Rectifier Efficiency

A bridge rectifier’s maximum rectifier efficiency is 81.2%, the same as a center-tapped full wave rectifier. 

Different Types Of Bridge Rectifiers 

Bridge rectifiers are separated into many kinds based on supply characteristics, controllability, bridge circuit configuration, and other factors. Single-phase and three-phase rectifiers are the two main types of bridge rectifiers. These categories are further separated into fully regulated, somewhat controlled, and uncontrolled rectifiers. A handful of these rectifier types are described below.

  1. Single Phase and Three Phase Rectifiers

These rectifiers are determined by the type of supply, such as a single-phase or three-phase supply. The picture indicates that a three-phase rectifier employs six diodes, whereas a single-phase bridge rectifier utilizes four diodes to convert AC into DC. These rectifiers can again be controlled or uncontrolled, depending on the circuit’s diodes, thyristors, and other components.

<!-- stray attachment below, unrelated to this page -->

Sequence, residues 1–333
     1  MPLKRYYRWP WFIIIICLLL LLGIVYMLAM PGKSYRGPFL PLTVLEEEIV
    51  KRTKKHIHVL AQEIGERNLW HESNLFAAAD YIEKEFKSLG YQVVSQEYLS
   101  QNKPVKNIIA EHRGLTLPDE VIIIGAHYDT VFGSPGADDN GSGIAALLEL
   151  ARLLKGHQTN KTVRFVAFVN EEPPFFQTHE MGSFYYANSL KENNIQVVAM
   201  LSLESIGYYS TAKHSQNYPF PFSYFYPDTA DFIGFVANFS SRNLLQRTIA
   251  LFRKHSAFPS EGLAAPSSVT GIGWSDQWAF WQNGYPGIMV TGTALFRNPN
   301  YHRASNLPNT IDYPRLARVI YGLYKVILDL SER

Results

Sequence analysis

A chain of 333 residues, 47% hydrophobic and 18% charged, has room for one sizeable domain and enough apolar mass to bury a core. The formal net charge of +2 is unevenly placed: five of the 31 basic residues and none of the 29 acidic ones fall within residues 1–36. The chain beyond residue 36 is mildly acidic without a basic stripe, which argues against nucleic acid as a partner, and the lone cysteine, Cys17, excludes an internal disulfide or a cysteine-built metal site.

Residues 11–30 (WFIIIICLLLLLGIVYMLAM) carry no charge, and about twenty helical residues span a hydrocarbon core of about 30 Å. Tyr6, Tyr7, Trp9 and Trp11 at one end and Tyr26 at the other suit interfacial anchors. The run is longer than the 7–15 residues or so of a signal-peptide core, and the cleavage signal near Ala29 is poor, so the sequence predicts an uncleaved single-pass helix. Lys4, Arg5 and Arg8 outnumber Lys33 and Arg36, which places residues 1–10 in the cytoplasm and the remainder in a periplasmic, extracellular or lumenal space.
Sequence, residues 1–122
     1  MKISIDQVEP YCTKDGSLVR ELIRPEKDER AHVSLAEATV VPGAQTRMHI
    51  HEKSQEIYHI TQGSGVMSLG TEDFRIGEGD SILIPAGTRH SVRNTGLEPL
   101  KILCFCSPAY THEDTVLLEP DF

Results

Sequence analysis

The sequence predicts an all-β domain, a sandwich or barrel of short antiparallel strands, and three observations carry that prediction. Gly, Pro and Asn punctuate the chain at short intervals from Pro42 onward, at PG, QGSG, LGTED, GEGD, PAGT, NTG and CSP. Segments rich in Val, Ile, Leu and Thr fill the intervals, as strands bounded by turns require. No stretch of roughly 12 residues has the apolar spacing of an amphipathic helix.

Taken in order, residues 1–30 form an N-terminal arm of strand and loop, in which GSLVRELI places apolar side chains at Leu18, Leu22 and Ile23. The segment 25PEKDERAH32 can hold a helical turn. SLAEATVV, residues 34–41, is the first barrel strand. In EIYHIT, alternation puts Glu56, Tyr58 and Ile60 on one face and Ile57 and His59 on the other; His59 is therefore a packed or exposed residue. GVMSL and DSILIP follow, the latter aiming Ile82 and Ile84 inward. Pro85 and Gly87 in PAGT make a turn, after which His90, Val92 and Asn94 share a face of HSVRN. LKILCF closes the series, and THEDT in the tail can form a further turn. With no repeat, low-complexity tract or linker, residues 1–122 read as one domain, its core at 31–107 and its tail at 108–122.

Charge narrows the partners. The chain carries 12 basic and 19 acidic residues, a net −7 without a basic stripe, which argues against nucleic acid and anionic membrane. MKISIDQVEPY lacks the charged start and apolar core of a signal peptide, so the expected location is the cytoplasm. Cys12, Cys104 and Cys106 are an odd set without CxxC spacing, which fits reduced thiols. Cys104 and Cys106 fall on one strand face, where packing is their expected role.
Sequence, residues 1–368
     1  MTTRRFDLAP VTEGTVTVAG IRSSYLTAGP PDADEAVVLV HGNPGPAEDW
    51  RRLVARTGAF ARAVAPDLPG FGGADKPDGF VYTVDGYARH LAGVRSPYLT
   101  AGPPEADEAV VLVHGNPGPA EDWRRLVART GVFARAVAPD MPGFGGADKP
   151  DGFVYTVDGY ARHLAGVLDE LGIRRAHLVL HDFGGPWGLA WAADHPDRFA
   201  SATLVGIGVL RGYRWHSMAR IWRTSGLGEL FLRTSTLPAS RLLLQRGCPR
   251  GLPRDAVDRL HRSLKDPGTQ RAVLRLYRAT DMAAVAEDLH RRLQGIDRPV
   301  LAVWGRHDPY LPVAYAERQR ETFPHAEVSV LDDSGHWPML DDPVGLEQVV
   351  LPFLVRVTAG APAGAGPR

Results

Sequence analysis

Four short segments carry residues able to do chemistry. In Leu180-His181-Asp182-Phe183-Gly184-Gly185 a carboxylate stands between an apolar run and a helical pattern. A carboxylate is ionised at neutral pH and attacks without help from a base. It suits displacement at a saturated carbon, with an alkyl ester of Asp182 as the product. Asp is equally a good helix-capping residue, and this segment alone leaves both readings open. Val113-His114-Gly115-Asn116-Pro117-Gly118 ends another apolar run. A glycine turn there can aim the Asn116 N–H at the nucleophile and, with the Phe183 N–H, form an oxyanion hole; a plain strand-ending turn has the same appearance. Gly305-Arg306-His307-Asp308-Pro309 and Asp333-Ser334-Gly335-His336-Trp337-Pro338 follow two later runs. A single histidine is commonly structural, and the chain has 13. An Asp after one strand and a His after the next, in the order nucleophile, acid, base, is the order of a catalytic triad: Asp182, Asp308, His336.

1. Uncontrolled Bridge Rectifiers

As seen in the image, this bridge rectifier uses diodes to rectify the input. Because the diode is a unidirectional device, the current can only flow in one way through it. The rectifier’s diode configuration prevents the power from changing in response to the demands of the load. In continuous or fixed power supplies, this type of rectifier is employed.

  1. Controlled Bridge Rectifier

SCRs, MOSFETs, IGBTs, and other controlled solid-state components are used in place of uncontrolled diodes in this sort of rectifier, AC/DC converter, or rectifier to regulate the output power at various voltages. It is possible to adjust the output power at the load in a sensible manner by triggering these devices at different intervals.